But wealth of information on internet platforms is not just driven by the platforms themselves, but by the content generated by their users—and a specific law, Section 230, has largely enabled the flourishing of such user-generated content. Section 230 limits the liability of platforms for the content that users post, a protection that makes such platforms viable. Most recently, coronavirus-related searches and hashtags have dominated online conversations, but user-generated content extends far beyond those. Many have found welcome relief in the zoos and aquariums posting videos of animals exploring their relatively human-free locations, while parents who now find themselves helping teach children have access to various message boards, lesson plans, and more.

With user-generated content comes the risk of false or misleading information, and there have been concerns about misinformation on COVID-19 as well. and many platforms signed a joint statement to work with government health care agencies to combat fraud and misinformation about the virus. Some platforms are also looking beyond just potential misinformation and choosing to police online ads and sales in effort to prevent predatory behavior such as hoarding or price gouging. Facebook banned advertising and marketplace sales of face masks, hand sanitizer, surface wipes, and COVID-19 test kits. Amazon and eBay have also cracked down on secondary marketplace sellers that were inflating prices of such supplies.

Reducing Barriers for New Technologies to Respond to the COVID-19 Pandemic

In addition to technologies keeping us connected, there are several emerging technologies that are helping or could help the response to the pandemic. Reducing regulatory barriers for technologies such as drones and 3-D printing could further assist in the response to the global pandemic.

One of the key concerns about COVID-19 is the potential strain it may place on the current stock of medical equipment such as ventilators and protective equipment. Some start-ups have been working together to come up with a way to 3-D print crucial ventilator valves at a lower cost, increasing the overall production of these critical devices. In Montana, a doctor has been 3-D printing masks to help deal with shortages. This type of behavior at times can be in violation of requirements for the regulation of medical devices and in other cases raise potential patent concerns. Yet as with other cases such as 3-D printing prosthetics for children, this type of evasive entrepreneurship (as Mercatus Center scholar Adam Thierer has called it) likely does more good than the harm resulting from violating approval regulations.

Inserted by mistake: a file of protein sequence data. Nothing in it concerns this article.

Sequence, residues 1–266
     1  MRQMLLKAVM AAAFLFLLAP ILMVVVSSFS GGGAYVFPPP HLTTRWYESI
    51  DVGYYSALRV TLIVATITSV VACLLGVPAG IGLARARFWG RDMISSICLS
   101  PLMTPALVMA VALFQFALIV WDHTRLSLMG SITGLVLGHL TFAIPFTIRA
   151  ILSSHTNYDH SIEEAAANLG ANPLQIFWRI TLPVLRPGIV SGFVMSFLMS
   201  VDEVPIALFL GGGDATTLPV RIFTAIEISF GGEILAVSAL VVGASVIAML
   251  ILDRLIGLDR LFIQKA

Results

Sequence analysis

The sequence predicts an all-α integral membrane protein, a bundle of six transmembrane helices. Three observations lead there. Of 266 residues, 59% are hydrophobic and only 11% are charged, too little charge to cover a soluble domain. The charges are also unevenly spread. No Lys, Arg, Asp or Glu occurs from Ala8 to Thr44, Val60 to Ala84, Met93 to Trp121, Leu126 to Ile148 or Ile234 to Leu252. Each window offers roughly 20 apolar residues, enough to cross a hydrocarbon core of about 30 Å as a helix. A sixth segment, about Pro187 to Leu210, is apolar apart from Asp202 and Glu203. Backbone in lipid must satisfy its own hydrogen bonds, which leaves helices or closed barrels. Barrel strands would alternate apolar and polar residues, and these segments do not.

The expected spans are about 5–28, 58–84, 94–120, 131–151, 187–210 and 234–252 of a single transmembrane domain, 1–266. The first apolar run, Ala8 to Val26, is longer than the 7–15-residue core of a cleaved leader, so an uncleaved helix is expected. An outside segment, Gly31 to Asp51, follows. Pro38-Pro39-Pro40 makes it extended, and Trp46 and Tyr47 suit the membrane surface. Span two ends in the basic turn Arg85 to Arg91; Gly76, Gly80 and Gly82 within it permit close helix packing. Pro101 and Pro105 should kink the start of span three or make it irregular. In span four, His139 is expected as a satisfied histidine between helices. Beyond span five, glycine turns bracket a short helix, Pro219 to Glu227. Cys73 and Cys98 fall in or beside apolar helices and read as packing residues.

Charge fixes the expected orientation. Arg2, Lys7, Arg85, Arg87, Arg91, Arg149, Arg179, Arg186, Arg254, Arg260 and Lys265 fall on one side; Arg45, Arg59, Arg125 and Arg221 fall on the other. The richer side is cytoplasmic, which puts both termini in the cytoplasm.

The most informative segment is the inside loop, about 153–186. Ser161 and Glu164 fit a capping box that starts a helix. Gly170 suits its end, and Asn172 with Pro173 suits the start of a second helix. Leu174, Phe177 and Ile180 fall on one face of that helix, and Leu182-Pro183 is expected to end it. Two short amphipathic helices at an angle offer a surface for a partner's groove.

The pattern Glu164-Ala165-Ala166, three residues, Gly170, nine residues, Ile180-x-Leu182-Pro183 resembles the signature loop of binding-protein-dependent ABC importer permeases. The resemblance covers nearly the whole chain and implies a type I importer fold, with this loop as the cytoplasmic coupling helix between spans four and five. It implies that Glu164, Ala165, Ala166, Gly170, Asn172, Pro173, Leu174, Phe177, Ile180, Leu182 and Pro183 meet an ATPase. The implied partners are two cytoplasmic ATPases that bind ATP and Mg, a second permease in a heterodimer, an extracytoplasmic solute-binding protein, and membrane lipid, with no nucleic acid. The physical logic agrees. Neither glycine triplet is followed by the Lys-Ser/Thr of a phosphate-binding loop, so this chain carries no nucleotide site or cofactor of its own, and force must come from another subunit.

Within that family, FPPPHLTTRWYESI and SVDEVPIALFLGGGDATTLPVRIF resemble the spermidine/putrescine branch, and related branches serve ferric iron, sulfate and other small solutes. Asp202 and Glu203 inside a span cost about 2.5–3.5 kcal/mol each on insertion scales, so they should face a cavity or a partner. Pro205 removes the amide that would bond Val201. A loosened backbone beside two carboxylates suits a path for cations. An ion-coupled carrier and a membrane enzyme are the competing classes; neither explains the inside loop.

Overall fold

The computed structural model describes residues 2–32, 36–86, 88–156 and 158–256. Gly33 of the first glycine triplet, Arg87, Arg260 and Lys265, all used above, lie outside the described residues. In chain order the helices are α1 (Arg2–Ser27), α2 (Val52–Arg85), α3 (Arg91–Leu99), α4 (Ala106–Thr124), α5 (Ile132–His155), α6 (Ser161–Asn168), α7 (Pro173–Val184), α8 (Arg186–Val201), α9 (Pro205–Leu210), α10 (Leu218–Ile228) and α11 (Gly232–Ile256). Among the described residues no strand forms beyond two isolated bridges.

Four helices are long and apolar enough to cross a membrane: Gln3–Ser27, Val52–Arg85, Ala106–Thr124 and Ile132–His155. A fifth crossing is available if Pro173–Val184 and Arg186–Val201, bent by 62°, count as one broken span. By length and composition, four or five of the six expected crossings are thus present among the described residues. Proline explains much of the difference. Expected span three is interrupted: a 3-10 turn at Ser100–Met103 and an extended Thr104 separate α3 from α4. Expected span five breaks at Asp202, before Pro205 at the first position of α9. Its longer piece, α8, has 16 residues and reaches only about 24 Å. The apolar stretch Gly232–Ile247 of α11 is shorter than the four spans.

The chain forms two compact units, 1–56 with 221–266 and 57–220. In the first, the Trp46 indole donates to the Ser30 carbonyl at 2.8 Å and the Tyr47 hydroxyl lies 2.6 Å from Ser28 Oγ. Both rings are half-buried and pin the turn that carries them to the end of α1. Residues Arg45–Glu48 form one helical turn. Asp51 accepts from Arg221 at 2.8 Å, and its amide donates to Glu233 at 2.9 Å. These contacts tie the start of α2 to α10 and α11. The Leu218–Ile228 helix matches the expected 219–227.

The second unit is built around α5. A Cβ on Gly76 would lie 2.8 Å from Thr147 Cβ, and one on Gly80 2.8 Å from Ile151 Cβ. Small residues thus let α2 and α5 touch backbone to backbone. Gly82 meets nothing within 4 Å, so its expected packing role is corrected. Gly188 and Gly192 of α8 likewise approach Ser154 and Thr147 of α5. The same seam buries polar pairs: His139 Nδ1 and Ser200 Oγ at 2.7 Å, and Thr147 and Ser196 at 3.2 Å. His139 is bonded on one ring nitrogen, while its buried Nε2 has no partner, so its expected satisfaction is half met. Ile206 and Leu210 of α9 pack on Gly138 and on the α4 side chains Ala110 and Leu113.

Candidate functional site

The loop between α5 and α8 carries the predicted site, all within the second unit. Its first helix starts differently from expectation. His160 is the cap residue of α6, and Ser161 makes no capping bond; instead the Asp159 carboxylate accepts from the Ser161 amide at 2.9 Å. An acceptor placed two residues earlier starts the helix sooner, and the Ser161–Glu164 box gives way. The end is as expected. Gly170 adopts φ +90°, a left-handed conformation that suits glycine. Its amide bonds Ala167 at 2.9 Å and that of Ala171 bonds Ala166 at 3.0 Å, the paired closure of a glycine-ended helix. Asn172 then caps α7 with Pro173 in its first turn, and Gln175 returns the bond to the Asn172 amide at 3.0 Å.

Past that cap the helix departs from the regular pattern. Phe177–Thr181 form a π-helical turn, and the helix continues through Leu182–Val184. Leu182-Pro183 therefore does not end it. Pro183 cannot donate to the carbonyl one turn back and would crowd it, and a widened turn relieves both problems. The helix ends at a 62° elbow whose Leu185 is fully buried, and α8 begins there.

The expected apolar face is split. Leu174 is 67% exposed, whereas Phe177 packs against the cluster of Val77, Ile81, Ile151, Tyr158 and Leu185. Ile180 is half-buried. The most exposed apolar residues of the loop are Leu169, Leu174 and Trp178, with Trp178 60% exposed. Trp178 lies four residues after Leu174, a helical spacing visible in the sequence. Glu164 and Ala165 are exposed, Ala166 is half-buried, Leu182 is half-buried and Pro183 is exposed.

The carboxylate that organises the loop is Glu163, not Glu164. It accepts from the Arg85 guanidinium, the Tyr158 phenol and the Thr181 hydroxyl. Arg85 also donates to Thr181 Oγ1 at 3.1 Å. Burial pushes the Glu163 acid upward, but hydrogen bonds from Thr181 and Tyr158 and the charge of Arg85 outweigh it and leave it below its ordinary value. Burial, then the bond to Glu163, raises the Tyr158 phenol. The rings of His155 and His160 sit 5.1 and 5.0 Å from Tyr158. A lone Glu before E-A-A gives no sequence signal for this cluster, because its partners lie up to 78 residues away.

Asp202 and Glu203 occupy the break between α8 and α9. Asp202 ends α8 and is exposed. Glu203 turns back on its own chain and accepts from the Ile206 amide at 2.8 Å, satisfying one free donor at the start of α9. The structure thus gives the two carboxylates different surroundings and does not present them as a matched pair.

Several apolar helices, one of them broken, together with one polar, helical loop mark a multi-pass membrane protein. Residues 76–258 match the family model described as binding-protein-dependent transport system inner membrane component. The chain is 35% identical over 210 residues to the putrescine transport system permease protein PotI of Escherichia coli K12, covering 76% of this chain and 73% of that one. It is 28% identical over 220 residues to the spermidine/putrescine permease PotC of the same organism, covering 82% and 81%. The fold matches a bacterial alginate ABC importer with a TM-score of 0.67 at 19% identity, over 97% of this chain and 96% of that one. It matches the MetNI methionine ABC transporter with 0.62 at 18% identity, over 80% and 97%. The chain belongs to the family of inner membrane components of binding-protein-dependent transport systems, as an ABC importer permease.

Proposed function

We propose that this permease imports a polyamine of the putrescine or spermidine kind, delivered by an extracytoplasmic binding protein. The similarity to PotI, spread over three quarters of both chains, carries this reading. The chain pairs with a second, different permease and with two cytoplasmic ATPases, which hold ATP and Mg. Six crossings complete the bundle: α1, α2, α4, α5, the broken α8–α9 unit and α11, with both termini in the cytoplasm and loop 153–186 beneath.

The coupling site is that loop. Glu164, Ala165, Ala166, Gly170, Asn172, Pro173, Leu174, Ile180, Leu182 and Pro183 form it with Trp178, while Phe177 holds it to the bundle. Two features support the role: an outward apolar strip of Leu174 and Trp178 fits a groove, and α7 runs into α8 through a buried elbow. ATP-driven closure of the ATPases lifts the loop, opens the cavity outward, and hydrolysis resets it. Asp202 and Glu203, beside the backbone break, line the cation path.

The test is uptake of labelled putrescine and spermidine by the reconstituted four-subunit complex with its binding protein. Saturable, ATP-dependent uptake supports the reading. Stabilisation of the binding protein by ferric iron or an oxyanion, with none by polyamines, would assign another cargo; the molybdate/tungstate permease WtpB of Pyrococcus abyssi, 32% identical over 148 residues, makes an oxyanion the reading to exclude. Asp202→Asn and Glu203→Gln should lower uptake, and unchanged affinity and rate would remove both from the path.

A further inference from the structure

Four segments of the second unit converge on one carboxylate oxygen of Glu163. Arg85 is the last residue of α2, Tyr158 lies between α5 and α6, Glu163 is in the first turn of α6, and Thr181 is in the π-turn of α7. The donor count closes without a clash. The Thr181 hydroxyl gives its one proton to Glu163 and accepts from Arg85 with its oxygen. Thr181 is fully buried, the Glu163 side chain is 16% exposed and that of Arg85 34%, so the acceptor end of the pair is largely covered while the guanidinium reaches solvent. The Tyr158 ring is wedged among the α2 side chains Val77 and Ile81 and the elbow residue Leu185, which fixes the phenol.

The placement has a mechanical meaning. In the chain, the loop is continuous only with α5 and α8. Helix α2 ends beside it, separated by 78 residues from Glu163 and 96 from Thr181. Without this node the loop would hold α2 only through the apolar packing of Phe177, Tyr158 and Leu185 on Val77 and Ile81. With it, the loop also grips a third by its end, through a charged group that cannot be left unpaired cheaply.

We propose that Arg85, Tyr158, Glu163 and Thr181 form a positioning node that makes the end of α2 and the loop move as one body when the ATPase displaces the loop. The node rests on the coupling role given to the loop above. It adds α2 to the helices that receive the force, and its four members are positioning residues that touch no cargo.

Drones could also play a role in enabling deliveries both for those in quarantine and for medical supplies. A couple on the Diamond Princess reportedly ordered wine delivery by drone while the ship was quarantined. In some countries even prior to the COVID-19 pandemic, drones have been used to deliver critical medical supplies such as blood. Now might be a good time to consider reforming the regulatory barriers that prevent such usages in the United States.

In some cases, policymakers already seem to be aware of and embracing the opportunity to remove regulatory barriers. For example, the CARES Act provides increased opportunities to use telemedicine by increasing the flexibility for Medicare reimbursement for these visits and allowing them to count toward the deductible for high deductible health plans. This important technology could be particularly useful in rural areas with fewer medical providers as well as providing a way to relieve some of the strain on emergency rooms and hospitals for initial screenings.

Ideally, given their advantages, such policy changes will stay in place after the initial pandemic ends. Innovators and entrepreneurs are thinking of creative solutions to the challenges of the COVID-19 pandemic, and policymakers should look to remove regulatory red tape that may prevent such response. If such regulations are unnecessary during a time of crisis, then policymakers should reconsider the purpose behind them more generally. One way to go about such re-evaluation would be to sunset such regulations, which would force policymakers to review them and actively move to extend them.


The United States has been a leader in innovation and many emerging technologies thanks to an approach that encourages experimentation and limits barriers to entry. The current crisis is only demonstrating the value of such a regulatory approach to technology. After the pandemic, policymakers should seek to continue the United States’ generally permissionless approach that has allowed technologies to emerge and flourish.